Animal rescue groups and shelters will tell you they have nothing against the Easter Bunny, as long as it's not the real deal. Chocolate, marshmallow - something that didn't start with fur, feathers, or breath. Otherwise, the message heard is a chorus of "Don't buy those fuzzy bunnies, ducklings or chicks that start out inside Easter baskets or decorating Easter tables."
Why? Because these organizations know that once Easter is over, the animals invariably end up in shelters or worse are set free in the neighborhood. As an example, Linda Baley of Too Many Bunnies of Redondo Beach, Calif. http://www.toomanybunnies.com/ estimates that 50 percent of rabbits purchased at Easter will not see their next birthday and will not remain in their first home. A majority of the rabbits that end up in shelters are Easter Dumps. Once the novelty wears off - and rabbits are higher maintenance than most people realize –- out goes the Easter Bunny.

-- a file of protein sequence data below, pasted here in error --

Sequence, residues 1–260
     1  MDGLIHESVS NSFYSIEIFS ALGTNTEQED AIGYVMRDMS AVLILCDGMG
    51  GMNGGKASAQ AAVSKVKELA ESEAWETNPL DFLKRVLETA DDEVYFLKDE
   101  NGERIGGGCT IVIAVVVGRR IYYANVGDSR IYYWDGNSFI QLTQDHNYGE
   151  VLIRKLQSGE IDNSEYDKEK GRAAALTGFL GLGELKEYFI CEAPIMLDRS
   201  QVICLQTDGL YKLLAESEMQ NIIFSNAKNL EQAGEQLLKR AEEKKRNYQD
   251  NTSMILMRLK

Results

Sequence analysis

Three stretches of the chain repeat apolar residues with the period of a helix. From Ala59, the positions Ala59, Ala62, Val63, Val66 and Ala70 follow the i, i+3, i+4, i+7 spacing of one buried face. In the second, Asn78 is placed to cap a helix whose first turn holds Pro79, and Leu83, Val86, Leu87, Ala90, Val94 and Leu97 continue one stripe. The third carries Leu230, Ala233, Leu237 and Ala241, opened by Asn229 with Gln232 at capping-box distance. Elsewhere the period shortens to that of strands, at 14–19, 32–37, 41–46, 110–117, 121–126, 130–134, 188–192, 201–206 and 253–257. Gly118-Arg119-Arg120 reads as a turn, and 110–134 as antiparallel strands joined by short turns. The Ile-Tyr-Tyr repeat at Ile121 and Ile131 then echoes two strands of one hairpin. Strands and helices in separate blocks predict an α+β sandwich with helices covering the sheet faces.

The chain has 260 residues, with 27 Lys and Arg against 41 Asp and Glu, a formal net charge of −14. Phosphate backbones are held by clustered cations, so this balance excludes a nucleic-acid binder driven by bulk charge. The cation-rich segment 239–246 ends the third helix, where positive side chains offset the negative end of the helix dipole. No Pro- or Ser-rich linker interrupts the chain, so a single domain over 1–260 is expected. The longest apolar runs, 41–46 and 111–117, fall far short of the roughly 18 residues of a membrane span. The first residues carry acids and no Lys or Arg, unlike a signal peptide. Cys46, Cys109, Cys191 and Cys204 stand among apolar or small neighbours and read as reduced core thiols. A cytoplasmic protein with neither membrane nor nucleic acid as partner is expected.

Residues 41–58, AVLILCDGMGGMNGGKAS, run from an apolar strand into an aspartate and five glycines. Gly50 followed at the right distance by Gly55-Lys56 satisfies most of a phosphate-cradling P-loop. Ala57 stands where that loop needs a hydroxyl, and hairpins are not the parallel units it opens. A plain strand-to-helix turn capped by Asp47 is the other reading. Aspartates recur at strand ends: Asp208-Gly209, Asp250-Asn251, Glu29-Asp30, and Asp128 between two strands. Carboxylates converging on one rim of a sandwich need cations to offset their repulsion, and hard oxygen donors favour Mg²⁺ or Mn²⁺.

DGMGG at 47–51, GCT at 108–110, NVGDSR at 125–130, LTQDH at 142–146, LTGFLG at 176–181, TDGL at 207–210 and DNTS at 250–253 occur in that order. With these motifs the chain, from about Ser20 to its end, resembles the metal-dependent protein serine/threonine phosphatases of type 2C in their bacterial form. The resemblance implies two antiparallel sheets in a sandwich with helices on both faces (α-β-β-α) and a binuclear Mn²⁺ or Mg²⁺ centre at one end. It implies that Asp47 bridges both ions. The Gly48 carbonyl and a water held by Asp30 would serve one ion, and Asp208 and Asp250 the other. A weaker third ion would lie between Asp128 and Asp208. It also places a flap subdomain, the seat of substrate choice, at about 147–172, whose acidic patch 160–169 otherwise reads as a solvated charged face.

When that happens the problems really mount. Not only are domestic rabbits not capable of surviving in the wild, the potential population of bunnies can be explosive. Baley says if one fertile female rabbit is left in a a city park, within a year's time there could be a colony of 3,500 rabbits.
Time to intervene. Bunnies and chicks are not play toys. I expect many of share this view, so let's reach out to those who might not know the facts or feel "just this once" it's ok to do. Let's make "Friends Don't Let Friends Buy Pets for Easter" our motto. If you know someone who is thinking about such a purchase, immediately do an intervention.
Our hope is to make this a happy holiday for everyone - pets included. If you want to enjoy the Easter Rabbit - Make Mine Chocolate